The vibrant work, the largest collaboration by the artists, also includes companion murals filled with the flora and fauna of the desert Southwest, Pacific Northwest, Northeast, and Southeast painted on the walls of the elevator bank area adjacent to the lobby.
In the building’s “ring lobby,” which can be seen from the waiting area of the Moynihan train hall, hang New York multimedia artist Liz Collins’s vivid zigzag-striped textile work, “Every Which Way,” which is patterned to evoke signage from the streets of New York.
Rendered in various geometric shapes, these bold upholstered-padded panels are installed on four walls throughout the space, covering 100 feet in all. Meta points out that the textiles were woven on a Jacquard loom, 19th-century technology that is “considered a predecessor to modern computing,” according to a news release.
The Farley’s south lobby features a painting by Matthew Kirk, an enrolled member of the Navajo nation who was born in Arizona, raised by a non–Native American family in Wisconsin, and today lives in Ridgewood, Queens. Kirk brought all these elements of who he is into “Shadow of a Shadow,” a 22-foot-long painting, and “A Distant Lie,” which is 8 by 11 feet.
These “weaving” paintings, as Kirk calls them, use a grid structure similar to Navajo rugs, in addition to construction materials such as a steel rebar grid that separates the works into hundreds of small paintings. These paintings have various symbols, from the North Star — central to Navajo culture — to references to superheroes given his life as an urban father.
The “cross-cultural hybrid language,” of the pieces alludes to the “Farley building’s identity as a hub for communication,” Meta said — first, as a central post office and now as a major hub for the company in New York.
Brooklyn artist Baseera Khan created two related works in the Farley Building that examine systems of power — a huge sculpture and a hand-painted mural. Khan’s parents are Muslim, and immigrated from India to Texas, where the artist was born.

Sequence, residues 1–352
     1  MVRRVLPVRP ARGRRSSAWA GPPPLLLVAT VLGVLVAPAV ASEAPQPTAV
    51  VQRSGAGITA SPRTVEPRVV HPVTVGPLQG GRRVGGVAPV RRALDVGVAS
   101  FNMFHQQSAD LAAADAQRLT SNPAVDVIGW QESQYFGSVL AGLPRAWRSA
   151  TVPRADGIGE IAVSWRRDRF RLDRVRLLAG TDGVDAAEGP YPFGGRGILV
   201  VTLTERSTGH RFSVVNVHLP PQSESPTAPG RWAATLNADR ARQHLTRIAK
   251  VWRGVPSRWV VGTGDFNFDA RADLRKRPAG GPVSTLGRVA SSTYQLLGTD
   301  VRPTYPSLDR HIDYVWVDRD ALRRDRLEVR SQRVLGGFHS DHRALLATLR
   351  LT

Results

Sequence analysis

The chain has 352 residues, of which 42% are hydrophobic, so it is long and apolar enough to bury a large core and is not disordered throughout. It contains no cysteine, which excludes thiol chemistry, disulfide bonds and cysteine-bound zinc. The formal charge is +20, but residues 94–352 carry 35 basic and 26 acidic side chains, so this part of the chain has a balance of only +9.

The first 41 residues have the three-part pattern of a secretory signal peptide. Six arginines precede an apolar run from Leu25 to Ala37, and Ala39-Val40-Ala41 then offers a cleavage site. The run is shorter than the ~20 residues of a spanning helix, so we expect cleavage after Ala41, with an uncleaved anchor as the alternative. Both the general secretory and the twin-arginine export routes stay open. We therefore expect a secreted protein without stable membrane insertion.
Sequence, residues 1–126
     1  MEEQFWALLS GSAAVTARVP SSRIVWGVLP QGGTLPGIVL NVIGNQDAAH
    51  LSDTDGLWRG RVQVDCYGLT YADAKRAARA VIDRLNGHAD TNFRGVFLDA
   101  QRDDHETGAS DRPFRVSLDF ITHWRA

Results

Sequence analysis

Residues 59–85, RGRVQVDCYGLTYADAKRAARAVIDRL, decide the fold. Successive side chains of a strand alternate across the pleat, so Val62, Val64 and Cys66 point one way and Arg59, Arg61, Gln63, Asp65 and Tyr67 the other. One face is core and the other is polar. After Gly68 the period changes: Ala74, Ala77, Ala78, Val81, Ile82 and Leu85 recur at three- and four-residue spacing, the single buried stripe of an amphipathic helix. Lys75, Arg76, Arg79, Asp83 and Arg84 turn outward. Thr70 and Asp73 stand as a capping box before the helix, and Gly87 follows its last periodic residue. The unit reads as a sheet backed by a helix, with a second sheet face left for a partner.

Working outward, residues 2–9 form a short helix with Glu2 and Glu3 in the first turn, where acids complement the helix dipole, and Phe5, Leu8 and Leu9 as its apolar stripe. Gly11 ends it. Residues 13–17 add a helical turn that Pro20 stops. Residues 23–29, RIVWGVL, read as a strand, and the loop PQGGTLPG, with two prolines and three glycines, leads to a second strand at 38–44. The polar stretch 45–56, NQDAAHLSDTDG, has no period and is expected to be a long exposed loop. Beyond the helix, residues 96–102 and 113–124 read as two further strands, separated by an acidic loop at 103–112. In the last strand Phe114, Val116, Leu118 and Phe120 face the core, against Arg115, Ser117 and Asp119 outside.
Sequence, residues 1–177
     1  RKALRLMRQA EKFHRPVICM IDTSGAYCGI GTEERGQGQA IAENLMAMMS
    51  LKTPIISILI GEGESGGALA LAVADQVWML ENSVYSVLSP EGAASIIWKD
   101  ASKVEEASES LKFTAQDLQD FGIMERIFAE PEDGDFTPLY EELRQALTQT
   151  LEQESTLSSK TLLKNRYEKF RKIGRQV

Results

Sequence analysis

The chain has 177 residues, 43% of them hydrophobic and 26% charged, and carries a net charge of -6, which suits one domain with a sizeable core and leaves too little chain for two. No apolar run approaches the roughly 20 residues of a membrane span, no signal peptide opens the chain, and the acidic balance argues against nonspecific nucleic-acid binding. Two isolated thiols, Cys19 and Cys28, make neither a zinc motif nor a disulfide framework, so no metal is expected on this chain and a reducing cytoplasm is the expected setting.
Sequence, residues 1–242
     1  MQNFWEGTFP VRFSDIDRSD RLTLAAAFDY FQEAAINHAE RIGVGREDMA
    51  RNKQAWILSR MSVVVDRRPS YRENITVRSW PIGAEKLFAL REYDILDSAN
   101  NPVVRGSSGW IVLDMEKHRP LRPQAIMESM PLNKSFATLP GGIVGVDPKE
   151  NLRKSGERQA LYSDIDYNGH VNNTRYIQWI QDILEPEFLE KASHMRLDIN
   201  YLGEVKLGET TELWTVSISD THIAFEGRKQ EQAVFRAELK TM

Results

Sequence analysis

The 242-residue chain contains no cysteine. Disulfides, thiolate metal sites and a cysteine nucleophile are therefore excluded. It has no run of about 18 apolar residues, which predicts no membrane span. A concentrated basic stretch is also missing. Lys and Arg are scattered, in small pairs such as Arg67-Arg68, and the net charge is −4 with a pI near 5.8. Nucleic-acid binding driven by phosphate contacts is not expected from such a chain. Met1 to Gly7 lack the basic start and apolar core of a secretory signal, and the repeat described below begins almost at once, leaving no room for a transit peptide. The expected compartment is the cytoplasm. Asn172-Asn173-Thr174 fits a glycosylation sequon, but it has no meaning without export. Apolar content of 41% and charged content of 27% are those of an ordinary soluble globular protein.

The 10 foot-by-7½-foot-by-7½-foot sculpture sits on a 12-foot-high plinth to represent the “imperialist power” of the Corinthian column, Meta said. The sculpture is covered with handmade silk rugs from Kashmir, a disputed territory between India and Pakistan with a Muslim-majority population that was once colonized by the British. The mural — Khan’s first — repeats the patterns of the rugs in a gesture the artist said in a statement is meant to “remind the viewer of how ‘oriental rugs’ have historically been emptied of their meaning through colonial dominance.”
For Si-Qin, “Sacred Footprint” is consistent with his practice of creating digital representations of nature, which he personally doesn’t see as distinct from one another given that humans, as part of nature, create the technology. In this case, all the trees that were used to make his monumental structure are still alive, growing where he found them. “With this process I appreciate that you can still capture that living quality,” Si-Qin says.
The work was actually based on the ancient concept of “the tree of life,” often a mythical or religious symbol of the interconnectedness of nature.
“Ultimately I had this opportunity to realize such a big work, and I hope it can be a positive influence,” he says.